BNHS to conduct Asian Waterbird Count in India
BNHS is conducting an annual activity called Asian Waterbird Count (AWC), which is a part of the global programme called 'International Waterbird Census' that focuses on monitoring the status of waterbirds and wetlands
After the conducting the Salim Ali Bird Count, Bombay Natural History Society (BNHS) is all set to conduct and coordinate yet another bird census, in association with Wetlands International.
Congregation of Waders. Pic/Parveen Shaikh
This annual activity called Asian Waterbird Count (AWC), is a part of the global programme called 'International Waterbird Census' that focuses on monitoring the status of waterbirds and wetlands. It also aims to increase public awareness on issues related to wetland and waterbird conservation. The census is carried out each January as a voluntary activity at national and local level. This year, AWC would be conducted in India from 9th to 24th January 2016.
Lesser Flamingos. Pic/Parveen Shaikh
The objectives of AWC is to obtain information annually about the waterbird population in wetlands during non-breeding season, as it forms a basis for evaluation of sites and monitoring of populations. It aims annually monitoring the status and condition of wetlandsas well as promoting greater interest about conservation of waterbirds and wetlands amongst people.
Painted stork and Grey Heron. Pic/Parveen Shaikh
In its 30th year, AWC spans over two weeks and three weekends. Earlier, AWC and collected information was submitted manually or by post. But now in keeping with the times, the information can be emailed to Wetlands International email@example.com and copied to BNHS on firstname.lastname@example.org. For techno savvy bird watchers, this year the data can also be submitted through www.ebird.org, which is a real time online checklist programme. AWC forms are available on BNHS, IBCN as well as Wetlands International websites for download.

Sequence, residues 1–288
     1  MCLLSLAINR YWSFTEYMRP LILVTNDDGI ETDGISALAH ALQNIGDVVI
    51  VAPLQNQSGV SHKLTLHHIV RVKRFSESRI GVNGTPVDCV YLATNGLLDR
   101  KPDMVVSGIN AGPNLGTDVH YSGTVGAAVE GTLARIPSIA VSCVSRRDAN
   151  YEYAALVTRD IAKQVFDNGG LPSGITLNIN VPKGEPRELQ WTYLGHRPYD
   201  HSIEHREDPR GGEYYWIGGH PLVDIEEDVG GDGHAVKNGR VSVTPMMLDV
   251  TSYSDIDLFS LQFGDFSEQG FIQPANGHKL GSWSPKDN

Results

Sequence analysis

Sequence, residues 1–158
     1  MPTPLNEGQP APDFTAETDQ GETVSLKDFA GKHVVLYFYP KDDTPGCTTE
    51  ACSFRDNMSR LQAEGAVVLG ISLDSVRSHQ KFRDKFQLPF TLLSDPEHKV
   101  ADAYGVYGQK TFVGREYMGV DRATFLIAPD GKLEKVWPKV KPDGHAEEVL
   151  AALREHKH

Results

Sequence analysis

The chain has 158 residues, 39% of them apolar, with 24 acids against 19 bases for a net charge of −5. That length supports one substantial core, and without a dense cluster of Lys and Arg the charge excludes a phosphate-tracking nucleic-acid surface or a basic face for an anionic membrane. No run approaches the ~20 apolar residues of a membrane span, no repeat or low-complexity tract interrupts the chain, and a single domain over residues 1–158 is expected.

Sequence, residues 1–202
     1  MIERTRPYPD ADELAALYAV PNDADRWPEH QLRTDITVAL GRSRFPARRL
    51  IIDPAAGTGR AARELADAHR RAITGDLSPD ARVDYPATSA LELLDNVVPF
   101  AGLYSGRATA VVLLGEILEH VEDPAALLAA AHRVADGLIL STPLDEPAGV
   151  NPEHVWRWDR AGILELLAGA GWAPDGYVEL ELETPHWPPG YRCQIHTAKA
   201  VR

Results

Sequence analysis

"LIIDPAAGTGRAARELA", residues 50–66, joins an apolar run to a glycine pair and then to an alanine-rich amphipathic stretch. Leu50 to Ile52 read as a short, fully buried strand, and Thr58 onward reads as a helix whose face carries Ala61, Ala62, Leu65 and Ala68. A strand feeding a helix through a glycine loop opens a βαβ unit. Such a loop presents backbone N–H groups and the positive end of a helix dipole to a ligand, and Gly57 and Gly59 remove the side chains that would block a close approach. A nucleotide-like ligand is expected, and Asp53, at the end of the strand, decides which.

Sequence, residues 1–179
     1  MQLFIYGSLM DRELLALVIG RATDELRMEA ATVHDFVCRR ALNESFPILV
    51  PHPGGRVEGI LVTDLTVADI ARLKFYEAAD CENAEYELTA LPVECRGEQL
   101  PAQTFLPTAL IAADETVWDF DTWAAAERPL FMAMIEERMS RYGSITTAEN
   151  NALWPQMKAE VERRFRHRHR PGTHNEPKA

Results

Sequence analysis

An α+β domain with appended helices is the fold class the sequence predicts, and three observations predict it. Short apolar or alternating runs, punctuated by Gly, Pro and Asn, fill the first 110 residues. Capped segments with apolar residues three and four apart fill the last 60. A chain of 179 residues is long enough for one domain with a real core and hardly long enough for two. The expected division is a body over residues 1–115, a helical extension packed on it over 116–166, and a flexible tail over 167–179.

Congregation of terns. Pic/Parveen Shaikh
Commenting on the rationale and utility of activities like AWC, Dr Deepak Apte, Director, BNHS, said, "With changing times and increasing anthropogenic pressure, monitoring of wetlands is essential. Initiatives like the AWC, being done at national level, encourage mass participation and hence data generation."
For interested participants, here's what you need to to:
>> Download the forms available on BNHS, IBCN and Wetlands International websites.
>> Cover the most important waterbird sites in your area (including wetland sanctuaries, Ramsar sites, IBAs, other community conserved wetlands and Flyway Network sites). For India, BNHS has a reference list of internationally important sites covered during the census, as well as an updated AWC Site List 2016 and List of IBAs, which can be accessed from Wetlands International, BNHS and IBCN websites.
>> Visit all the sites that were visited in the previous year and use the same site names for them.
>> Report the presence as well as absence of waterbirds at a wetland, which is known to have held significant number of birds in the past, by completing the census form in either case. If possible, give the reason for the absence of birds (eg wetland completely dry/drained, wetland frozen, wetland encroached upon or site very disturbed by hunters).
>> Avoid duplication of effort – occasionally two or more censuses are conducted at the same site on different dates. Whenever possible, counters should liaise with one other and agree on one census form that gives the results of their combined efforts.
>> Double check all the entries on the count forms. In particular, check to see that the figures are not inadvertently inserted on the wrong line and that species’ names are not confused.
>> If any species of waterbird which is not listed on the count form has been observed, counters are required to give additional information on its identification in the comments' section of the form.